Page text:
After the games we rolled to see which of our losses would return in time for the next game. Only Ian's fallschirmjaeger section that was destroyed in close combat ceased totally to exist.
In the next game, players will pay for their surviving reduced sections at normal cost, then buy more assets to the new points limit. Ian will have to replace his lost section with a regular section, so one below the quality of his original troops.
Two games in, the points table is:
Matt: played 1. Won 1. 2 points
Ian: played 2. Lost 1, drew 1. 1 point
Tim: played 1. Drew 1. 1 point
We play again on 8 March.
I have spent my spare time this month assembling mdf buildings for Bolt Action. For Christmas, I received kits for a Bakery and Bank, both made by Charlie Foxtrot Models. I finished off the Bakery using Colin Farrant's trusty Chinchilla dust render, which gives a great texture to the outside walls. I kept the bank walls smooth but applied two layers of emulsion paint which still creates a slightly rough plaster effect. I kept the Bakery finish quite bright and weathered the walks of the bank. I wanted some variety between finishes as in the average high street, buildings are repainted at different times, not all together. I decided not to use the Banque de France sign but instead to make a German Feldgendarmerie sign. I figured that this might make for a more interesting back story.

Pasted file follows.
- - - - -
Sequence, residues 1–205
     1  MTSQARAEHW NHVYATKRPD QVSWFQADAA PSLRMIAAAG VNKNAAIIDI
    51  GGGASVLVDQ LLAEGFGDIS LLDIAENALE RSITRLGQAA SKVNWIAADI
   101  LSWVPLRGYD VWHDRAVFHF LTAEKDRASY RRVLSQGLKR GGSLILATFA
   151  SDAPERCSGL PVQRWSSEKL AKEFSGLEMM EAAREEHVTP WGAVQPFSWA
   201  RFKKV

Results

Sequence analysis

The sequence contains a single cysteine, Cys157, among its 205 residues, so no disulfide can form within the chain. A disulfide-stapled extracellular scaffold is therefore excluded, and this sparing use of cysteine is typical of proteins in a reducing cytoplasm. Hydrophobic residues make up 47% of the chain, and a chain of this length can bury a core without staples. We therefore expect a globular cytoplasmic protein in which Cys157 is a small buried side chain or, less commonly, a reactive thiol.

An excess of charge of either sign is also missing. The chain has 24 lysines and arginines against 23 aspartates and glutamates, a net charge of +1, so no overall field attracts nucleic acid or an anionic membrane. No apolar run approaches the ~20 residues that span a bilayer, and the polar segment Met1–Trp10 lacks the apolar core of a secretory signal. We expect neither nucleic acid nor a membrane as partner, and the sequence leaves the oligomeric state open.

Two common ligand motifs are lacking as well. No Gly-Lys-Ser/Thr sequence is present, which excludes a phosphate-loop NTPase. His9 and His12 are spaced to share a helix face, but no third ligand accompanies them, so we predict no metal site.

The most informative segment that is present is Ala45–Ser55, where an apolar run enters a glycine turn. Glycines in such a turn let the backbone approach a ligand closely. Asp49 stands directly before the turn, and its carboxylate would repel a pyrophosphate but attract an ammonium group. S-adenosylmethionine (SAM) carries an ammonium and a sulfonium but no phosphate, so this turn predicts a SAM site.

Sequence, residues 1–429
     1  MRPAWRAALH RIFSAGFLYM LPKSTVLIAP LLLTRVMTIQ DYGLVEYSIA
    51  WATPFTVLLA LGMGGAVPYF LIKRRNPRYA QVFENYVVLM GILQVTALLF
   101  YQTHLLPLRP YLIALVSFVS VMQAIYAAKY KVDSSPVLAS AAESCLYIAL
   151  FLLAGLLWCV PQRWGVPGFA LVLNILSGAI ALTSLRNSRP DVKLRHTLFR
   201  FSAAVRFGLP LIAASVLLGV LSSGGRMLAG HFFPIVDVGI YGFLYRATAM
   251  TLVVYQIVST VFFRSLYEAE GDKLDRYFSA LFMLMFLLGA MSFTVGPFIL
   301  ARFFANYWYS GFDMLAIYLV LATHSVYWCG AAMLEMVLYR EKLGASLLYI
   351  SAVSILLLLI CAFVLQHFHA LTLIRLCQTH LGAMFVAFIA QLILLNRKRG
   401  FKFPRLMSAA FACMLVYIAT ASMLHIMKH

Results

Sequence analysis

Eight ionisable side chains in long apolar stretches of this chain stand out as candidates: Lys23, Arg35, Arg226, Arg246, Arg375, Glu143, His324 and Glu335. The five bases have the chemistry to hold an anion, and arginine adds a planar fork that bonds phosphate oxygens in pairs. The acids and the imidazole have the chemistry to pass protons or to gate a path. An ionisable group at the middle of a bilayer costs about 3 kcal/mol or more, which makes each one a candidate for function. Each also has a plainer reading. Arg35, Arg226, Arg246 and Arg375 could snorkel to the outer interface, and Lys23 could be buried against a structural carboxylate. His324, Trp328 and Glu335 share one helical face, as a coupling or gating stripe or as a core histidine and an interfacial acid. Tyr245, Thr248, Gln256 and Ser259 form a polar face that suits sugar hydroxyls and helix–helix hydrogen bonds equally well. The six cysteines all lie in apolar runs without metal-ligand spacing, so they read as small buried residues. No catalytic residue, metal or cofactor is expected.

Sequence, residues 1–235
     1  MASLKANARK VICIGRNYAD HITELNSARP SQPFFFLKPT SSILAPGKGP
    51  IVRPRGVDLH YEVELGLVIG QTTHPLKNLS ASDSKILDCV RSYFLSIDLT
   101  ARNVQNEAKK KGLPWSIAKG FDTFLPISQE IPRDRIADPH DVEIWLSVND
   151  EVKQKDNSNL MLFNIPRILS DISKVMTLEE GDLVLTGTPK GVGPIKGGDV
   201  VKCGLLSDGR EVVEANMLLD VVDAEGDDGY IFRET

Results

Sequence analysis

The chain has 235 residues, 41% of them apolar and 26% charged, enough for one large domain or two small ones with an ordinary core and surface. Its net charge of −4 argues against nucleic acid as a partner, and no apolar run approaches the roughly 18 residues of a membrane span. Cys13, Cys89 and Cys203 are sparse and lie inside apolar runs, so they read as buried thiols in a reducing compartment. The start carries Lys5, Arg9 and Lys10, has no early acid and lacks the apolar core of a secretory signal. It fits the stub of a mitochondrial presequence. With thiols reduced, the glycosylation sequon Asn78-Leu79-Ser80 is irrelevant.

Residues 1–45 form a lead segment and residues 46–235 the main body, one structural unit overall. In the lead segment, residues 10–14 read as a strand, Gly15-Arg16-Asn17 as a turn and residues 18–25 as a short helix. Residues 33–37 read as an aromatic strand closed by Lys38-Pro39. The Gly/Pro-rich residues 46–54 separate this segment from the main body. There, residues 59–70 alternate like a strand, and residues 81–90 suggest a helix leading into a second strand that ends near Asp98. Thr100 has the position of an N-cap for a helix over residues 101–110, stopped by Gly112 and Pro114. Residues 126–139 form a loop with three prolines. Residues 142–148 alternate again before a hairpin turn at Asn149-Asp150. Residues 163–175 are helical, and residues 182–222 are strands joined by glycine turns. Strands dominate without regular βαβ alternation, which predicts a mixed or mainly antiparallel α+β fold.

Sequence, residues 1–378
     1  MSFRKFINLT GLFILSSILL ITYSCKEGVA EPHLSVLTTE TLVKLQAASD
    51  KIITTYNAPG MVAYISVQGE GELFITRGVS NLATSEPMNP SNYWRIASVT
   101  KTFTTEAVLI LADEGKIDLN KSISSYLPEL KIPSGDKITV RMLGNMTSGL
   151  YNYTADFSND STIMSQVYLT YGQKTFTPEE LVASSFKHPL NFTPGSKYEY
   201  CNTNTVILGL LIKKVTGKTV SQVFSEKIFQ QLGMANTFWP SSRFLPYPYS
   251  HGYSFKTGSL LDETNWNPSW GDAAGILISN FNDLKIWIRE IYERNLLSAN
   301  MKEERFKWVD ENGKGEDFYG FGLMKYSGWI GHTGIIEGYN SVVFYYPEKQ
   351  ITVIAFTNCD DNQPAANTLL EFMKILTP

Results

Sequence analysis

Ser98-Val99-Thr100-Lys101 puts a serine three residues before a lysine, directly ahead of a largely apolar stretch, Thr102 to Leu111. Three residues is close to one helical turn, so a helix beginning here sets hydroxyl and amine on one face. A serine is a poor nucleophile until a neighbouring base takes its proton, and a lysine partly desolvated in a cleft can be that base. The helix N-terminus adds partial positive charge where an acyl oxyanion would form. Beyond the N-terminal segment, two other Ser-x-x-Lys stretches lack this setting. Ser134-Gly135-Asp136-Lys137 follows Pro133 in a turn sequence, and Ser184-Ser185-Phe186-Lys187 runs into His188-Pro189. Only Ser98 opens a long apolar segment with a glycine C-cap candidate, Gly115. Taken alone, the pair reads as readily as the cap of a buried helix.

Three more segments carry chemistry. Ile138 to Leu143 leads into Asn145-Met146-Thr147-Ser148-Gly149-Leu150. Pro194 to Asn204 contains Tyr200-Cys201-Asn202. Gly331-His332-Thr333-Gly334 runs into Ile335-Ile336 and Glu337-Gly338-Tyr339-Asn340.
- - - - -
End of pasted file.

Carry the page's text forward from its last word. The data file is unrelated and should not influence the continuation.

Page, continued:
Still on a terrain jag, I then built a ruined enclosure using wall sections by Tamiya. I wanted this to be more like a neglected pen than recent battle damage. It should provide a bit of interest on the outskirts of my village.
I now have three intact buildings and a privy, not yet a metropolis but we're on the way. My next aim is to assemble two or three damaged buildings and some sheds, back yards and general debris.
My name is Tim
I have played wargames for five decades and still love the hobby. Recently retired, I have even more time to devote to it. More about me here.